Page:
ATHENS — Around 3,000 fish were killed recently when a sewer line on East Pryor Street near the former Pilgrim's Pride site overflowed into an unnamed tributary leading to Swan Creek, according to state officials.
The Alabama Department of Environmental Management's sanitary sewer overflow event reporting form shows that the discharge didn’t reach designated swimming water, and no public water supply intake locations were affected.
The form indicates that the estimated volume discharge was in a range of 1,000 to 10,000 gallons, and the overflow began at 8 a.m. May 22 and stopped at 10 a.m. that day. The source of the discharge was a manhole, according to the report.
Athens Mayor Ronnie Marks said the overflow incident was “100 percent worker error” and was not related to the Pilgrim's Pride property cleanup.
“We're waiting for a final ADEM report,” Marks said. “It is a serious issue, and we’re taking it seriously."
Chris Greene, the assistant fisheries chief of the Alabama Wildlife and Freshwater Fisheries Division, said that a preliminary report from its investigation showed roughly 13 different species were affected. A mix of game fish, including largemouth bass and bluegill, and nongame fish, including the slackwater darter, were viewed during the kill, the preliminary report said.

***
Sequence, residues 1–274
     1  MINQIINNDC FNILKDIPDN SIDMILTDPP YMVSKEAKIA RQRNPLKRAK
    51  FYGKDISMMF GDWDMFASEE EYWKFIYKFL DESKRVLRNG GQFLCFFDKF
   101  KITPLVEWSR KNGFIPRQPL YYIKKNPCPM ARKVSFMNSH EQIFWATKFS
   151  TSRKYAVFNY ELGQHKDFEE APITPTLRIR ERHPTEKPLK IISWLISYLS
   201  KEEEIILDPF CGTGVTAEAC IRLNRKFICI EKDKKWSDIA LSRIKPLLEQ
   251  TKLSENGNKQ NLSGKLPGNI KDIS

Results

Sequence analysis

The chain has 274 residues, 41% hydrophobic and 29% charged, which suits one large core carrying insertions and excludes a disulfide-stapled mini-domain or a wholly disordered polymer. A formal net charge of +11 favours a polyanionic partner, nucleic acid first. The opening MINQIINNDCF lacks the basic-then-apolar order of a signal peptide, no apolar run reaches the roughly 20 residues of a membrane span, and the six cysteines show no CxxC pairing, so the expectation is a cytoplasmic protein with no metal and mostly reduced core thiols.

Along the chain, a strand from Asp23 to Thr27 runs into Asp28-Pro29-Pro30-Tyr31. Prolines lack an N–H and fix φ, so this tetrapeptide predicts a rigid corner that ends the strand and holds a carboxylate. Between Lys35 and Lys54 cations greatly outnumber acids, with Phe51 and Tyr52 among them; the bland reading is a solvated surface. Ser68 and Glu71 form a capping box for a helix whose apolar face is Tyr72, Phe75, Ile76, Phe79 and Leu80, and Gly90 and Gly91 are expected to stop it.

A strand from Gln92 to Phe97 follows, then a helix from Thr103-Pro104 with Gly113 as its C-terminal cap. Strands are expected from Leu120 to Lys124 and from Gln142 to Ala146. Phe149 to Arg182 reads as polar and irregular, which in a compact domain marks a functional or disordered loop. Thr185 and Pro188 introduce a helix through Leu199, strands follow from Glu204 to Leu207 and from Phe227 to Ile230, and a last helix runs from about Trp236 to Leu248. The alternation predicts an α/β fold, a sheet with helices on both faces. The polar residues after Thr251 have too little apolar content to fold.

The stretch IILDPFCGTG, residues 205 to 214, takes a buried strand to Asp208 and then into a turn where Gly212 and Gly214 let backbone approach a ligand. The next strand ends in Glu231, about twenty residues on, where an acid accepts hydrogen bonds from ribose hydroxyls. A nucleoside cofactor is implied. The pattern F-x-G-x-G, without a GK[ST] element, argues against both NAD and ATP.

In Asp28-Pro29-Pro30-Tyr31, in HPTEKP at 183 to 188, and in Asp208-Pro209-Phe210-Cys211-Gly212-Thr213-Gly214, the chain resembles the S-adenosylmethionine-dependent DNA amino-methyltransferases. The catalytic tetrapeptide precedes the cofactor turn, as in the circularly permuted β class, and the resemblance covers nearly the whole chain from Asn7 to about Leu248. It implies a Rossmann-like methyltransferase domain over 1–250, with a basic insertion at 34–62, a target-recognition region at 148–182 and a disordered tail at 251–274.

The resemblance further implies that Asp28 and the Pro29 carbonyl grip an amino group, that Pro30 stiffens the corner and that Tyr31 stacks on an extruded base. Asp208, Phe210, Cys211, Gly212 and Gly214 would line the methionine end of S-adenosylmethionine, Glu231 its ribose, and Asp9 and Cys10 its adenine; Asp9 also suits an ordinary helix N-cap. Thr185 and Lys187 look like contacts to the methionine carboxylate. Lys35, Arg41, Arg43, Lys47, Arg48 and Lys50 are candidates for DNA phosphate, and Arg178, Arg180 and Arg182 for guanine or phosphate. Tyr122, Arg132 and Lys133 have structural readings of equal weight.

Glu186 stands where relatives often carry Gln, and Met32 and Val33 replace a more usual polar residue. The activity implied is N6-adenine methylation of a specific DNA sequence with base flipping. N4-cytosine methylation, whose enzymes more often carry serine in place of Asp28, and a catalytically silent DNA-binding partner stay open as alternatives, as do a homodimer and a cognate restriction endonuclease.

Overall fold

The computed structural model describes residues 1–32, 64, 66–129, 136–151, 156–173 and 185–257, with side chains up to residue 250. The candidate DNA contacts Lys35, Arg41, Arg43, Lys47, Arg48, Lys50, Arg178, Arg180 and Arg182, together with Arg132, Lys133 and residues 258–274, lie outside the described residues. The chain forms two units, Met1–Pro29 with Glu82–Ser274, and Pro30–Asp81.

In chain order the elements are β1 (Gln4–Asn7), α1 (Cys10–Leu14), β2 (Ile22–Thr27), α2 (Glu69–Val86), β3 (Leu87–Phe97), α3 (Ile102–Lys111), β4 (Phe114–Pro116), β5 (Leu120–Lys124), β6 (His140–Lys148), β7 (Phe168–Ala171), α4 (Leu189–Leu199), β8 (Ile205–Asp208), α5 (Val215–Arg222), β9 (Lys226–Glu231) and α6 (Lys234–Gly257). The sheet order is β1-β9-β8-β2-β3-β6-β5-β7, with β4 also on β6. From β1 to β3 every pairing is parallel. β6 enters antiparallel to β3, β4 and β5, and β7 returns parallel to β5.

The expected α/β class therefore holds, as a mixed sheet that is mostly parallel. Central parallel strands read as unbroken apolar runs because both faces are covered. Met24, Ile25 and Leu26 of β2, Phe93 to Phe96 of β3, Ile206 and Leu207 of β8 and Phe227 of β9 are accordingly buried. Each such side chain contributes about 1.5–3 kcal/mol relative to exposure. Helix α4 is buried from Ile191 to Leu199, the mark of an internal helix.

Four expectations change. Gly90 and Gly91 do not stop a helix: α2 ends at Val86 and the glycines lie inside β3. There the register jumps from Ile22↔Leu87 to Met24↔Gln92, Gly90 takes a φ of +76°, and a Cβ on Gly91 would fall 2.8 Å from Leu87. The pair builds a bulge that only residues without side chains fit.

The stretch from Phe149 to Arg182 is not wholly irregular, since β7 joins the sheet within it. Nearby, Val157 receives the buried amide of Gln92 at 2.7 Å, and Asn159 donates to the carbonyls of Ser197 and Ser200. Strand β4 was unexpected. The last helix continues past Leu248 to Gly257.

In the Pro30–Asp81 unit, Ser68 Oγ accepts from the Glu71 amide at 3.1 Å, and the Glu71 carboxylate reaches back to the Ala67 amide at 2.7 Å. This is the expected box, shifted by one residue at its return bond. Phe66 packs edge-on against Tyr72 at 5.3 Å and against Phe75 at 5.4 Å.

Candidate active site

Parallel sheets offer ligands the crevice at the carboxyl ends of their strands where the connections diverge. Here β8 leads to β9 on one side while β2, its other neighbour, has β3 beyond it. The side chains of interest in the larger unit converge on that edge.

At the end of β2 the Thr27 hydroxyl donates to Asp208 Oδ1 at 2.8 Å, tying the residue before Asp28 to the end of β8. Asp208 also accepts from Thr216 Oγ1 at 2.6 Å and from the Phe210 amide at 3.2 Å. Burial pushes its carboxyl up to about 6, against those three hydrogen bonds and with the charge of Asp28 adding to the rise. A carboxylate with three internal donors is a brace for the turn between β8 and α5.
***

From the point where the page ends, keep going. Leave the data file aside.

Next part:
The slackwater darter is listed as threatened by the U.S. Fish and Wildlife Service, according to the Alabama Department of Conservation and Natural Resources.
The role of Alabama Wildlife and Freshwater Fisheries in an on-site investigation is to get “an idea of the environmental damage,” Greene said, and ADEM will determine the cause.
Greene didn’t give a breakdown on the number of each species that were affected.
ADEM was notified of the incident at 10:40 a.m. May 22, according to the ADEM form. The city reported the incident to ADEM and posted warning signs at the scene, according to Marks.
According to the form, cleanup measures were completed at 2:30 p.m. on May 24, with the area around the manhole disinfected, the creek cleaned with rakes and the banks sprayed with fresh water from a water truck.
Lynn Battle, an ADEM spokesperson, said the department’s event reporting form can be updated as more information becomes available.
“We are still gathering information,” she said. “We’re still in the reviewing stage.”
Marks said the overflow occurred during routine maintenance on a sewer line. The line was “bagged” or plugged to allow for maintenance and to run a camera to check for any issues. The ADEM report said Athens Wastewater employees left the plug in the line for too long, resulting in the overflow at a manhole.
The report said the crew members involved in the incident were disciplined, and Marks didn’t elaborate.
The ADEM form also stated that the Fish and Wildlife Service was notified and took samples from upstream and downstream.